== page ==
Created on Tuesday, 20 November 2012 Written by THE ASSOCIATED PRESS
AKRON, Ohio (AP) — Three men who pleaded guilty in an unsuccessful plot to bomb a highway bridge in Ohio face sentencing before a judge who agreed with prosecutors that they should be punished as terrorists.
FILE- This combo image made of undated file photos provided by the FBI shows, from left, Brandon Baxter, Douglas Wright and Connor Stevens. The three men, who pleaded guilty in an unsuccessful plot to bomb a highway bridge in Ohio, face sentencing before a judge who agreed with prosecutors that they should be punished as terrorists on Tuesday, Nov. 20, 2012. A fourth defendant will be sentenced on Wednesday and a fifth is undergoing a psychiatric exam. (AP Photo/FBI, File)
Alleged ringleader Douglas Wright, 26, could face more than 30 years in prison. Guidelines call for shorter sentences for the other two men.
U.S. District Judge David Dowd scheduled sentencing Tuesday morning for Wright, of Indianapolis; Connor Stevens, 20, of Berea in suburban Cleveland; and Brandon Baxter, 20, of Lakewood, also in suburban Cleveland.
A fourth defendant will be sentenced on Wednesday and a fifth is undergoing a psychiatric exam.
Stevens, Baxter and Wright pleaded guilty to conspiring to use a weapon of mass destruction, knowingly attempting to use a weapon of mass destruction and attempting to damage property with explosives. There was no plea deal that would have reduced their sentences.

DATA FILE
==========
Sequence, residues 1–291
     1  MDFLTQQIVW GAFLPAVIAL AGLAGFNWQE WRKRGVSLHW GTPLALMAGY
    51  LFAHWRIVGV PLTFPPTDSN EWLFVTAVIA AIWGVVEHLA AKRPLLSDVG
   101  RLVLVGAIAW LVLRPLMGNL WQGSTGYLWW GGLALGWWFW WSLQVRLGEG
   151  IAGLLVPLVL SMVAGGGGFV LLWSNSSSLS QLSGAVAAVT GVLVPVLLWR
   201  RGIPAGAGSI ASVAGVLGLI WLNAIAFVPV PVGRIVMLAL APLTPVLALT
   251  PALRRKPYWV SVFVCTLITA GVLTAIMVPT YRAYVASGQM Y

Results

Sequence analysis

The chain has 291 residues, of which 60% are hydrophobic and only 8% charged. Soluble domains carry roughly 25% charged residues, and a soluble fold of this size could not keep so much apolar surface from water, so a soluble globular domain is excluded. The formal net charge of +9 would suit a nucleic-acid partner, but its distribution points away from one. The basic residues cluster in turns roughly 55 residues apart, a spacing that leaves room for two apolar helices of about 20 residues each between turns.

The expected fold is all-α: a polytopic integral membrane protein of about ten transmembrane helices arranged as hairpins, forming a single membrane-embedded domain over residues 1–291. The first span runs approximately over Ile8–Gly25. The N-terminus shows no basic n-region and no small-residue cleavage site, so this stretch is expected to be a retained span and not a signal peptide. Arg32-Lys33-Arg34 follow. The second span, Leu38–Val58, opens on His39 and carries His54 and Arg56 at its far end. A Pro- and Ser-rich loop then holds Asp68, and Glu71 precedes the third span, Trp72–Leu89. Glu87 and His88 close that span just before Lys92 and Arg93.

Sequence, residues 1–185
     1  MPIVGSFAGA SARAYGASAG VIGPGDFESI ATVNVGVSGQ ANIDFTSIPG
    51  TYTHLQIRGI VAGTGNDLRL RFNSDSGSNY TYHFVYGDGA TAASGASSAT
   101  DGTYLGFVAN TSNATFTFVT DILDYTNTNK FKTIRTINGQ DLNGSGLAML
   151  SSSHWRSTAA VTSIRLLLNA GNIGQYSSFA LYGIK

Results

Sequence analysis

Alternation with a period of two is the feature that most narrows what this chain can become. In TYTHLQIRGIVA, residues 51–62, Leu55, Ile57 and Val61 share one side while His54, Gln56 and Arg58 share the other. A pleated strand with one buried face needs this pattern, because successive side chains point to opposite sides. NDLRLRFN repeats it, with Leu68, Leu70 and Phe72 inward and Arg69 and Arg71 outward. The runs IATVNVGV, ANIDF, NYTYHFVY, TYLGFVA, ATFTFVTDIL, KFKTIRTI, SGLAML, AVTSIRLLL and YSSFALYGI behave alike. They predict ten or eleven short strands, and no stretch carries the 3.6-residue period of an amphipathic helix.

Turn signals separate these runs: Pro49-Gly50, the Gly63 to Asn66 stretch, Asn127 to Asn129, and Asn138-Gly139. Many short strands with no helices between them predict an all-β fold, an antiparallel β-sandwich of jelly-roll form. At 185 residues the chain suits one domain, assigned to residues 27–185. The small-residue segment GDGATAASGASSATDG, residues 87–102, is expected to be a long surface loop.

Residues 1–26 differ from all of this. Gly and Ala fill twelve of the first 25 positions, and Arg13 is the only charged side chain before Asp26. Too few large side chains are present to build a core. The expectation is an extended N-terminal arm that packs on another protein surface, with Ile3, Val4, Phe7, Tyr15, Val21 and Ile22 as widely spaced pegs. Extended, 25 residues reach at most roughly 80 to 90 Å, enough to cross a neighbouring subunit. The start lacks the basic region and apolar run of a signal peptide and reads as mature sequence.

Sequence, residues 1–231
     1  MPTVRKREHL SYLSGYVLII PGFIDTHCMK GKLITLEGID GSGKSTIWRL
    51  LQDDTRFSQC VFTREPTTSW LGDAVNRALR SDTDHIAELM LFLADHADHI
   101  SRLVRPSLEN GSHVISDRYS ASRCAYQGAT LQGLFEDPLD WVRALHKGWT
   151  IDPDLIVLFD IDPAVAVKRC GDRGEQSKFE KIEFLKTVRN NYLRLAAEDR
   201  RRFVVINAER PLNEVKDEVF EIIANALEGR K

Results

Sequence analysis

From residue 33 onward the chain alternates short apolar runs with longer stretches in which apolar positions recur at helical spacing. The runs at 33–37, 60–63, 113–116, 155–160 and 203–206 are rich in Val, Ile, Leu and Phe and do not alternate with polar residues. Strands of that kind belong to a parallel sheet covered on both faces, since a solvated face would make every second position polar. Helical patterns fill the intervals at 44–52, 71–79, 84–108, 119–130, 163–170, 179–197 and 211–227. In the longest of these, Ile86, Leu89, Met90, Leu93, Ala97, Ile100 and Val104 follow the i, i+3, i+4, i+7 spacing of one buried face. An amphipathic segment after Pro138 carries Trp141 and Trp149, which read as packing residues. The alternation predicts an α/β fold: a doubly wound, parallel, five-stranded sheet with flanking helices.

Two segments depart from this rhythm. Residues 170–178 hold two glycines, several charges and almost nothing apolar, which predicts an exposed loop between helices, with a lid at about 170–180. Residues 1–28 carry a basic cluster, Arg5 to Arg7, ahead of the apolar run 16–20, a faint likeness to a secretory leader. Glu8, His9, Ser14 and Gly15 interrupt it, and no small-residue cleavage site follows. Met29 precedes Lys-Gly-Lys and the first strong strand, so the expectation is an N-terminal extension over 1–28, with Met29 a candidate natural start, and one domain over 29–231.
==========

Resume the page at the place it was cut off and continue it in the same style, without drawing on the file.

Last week Dowd backed a government request to consider stricter sentences based on a "terrorist enhancement" for the trio. The ruling that the three were trying to intimidate the government expanded possible sentences from five or six years to 15 to 30 years or more.
The men were arrested by the FBI and had targeted a bridge over the Cuyahoga Valley National Park between Cleveland and Akron. The FBI has said the public was never in danger and the device was a dud provided by an informant.
The suspects were described by the government as self-proclaimed anarchists who acted out of anger against corporate America and the government.
The defense called the case entrapment, with the informant guiding the way, and said the plot was more an act of vandalism than anti-government terrorism. They asked for sentences in the range of five years.
The government said the plot "was meant to convey a message to the civilian population, the corporate world, the financial system, and all levels of government."